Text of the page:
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Shedding Some Light on Pigmentation

January 3, 2017

Pigmentary disorders are among the most common complaints of clients seeking skin care. Hyperpigmentation is an important condition that requires the expertise and understanding of an esthetician. It affects many Caucasians, Blacks, Hispanics and Asians. The goal of an esthetic pigment treatment is to correct and further prevent hyperpigmentation.

Melanin and Melanocytes

Melanin is a complex molecule responsible for the pigment in the skin, hair and eyes. The content of melanin within keratinocytes determines skin color, with deeply pigmented skin having the highest content of epidermal melanin. This molecule protects by reducing the penetration of UV rays into the skin and subsequently into the nuclei of cells where DNA resides. It is important to note that both dark and light skins have the same number of melanocytes (the cells responsible for melanogenesis); however, the ways these cells respond differ greatly.

To fully understand melanin and its influence in skin, you have to acknowledge the biological differences in melanocytes. Melanocytes are dendritic cells (cells with extended arms) located in the basal layer of the epidermis. Approximately 36 keratinocytes interface with one melanocyte, forming what is identified as the epidermal-melanin unit. Distribution of these cells can vary and when isolating the facial regions, as more numerous melanocytes are found on the head and neck.

Treating Pigmentation

How many times has a client exhibiting pigmentation morbidity had the misimpression that you can magically make it disappear with a treatment or two, or one product? We have to always remember pigmentation is a permanent injury of the skin and requires the due diligence and continued compliance of both the esthetician and client for the rest of their lives. These disorders do not fade or go away over night and must be managed daily. Clinical treatments, continuance of skin lighteners and daily protection of SPF must become a lifestyle to manage these challenging pigmentation conditions.

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Handling Post-inflammatory hyperpigmentation,
alpha hydroxy acids, Asian, Native American, ethnic, hypopigmentation

September 28, 2012

Global skin of color is the ultimate future snapshot of your skin care clientele. Skin care professionals who ignore the phenomenon of the multitude of skin races are out of touch with the reality concerning the trends that will dictate their esthetic careers in the near future, and will miss the opportunity to learn how to work with this ever-increasing population successfully. Skin care professionals must prepare for this prospect, and learn to recognize what is appropriate and inappropriate concerning skin treatments, ingredients and products for skin of color.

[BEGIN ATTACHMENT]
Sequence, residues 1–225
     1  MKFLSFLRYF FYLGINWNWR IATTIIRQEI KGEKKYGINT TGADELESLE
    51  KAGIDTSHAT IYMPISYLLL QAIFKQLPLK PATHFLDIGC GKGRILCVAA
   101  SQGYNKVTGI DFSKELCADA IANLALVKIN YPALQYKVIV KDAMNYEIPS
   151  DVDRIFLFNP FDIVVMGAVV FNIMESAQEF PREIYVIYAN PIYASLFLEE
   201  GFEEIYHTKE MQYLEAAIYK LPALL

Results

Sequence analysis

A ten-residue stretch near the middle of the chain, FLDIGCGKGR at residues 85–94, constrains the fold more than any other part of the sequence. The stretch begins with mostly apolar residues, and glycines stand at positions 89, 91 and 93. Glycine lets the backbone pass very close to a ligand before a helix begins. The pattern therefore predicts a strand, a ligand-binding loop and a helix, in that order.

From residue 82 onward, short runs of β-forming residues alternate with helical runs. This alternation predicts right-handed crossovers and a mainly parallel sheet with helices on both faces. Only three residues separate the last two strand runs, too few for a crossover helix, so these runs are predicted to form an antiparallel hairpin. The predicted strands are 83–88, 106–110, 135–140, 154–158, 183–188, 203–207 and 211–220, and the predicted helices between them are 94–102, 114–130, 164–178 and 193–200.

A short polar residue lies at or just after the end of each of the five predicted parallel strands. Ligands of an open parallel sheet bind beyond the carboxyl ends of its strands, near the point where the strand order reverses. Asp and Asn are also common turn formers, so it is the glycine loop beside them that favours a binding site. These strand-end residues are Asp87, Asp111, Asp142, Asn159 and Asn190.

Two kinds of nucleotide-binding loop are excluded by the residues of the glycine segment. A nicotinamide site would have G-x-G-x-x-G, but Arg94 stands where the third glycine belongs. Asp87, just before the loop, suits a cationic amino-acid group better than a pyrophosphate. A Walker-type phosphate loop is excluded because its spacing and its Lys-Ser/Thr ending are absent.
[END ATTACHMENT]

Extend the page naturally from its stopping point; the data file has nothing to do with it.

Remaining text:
There are significant differences between global skin types. Just look at the rainbow of skin colors that make up the millions of skin types and where they originate. Cosmetically speaking, black skin has a wide range of color variations from a creamy light coffee color to deep ebony black. Asian skin exhibits colors that range from a light yellow hue to a dark golden tan. Native American skin colors vary with respect to different tribes, and have coloring that ranges from light to dark red-brown. Even white skin is misinterpreted visually and put into inaccurate categories. Caucasian skin ranges greatly from milky alabaster white to dark olive tones.

Darker global skin types are much more reactive to topical agents such as alpha hydroxy acids (AHAs), beta hydroxy acids (BHAs), trichloroacetic acid (TCA) and many different ingredients, and are more sensitive to these constituents than Caucasian skin. Unfortunately, many skin care professionals misunderstand the darker global skin combinations and treat skin of color as if it were Caucasian, being overzealous in their procedures and recommending improper skin care products, triggering an inflammatory response leading to unwanted problems. This can result in devastating side effects, such as hypopigmentation and hyperpigmentation. These very avoidable mistakes not only affect the client cosmetically and emotionally, but destroy the trust between client and professional.

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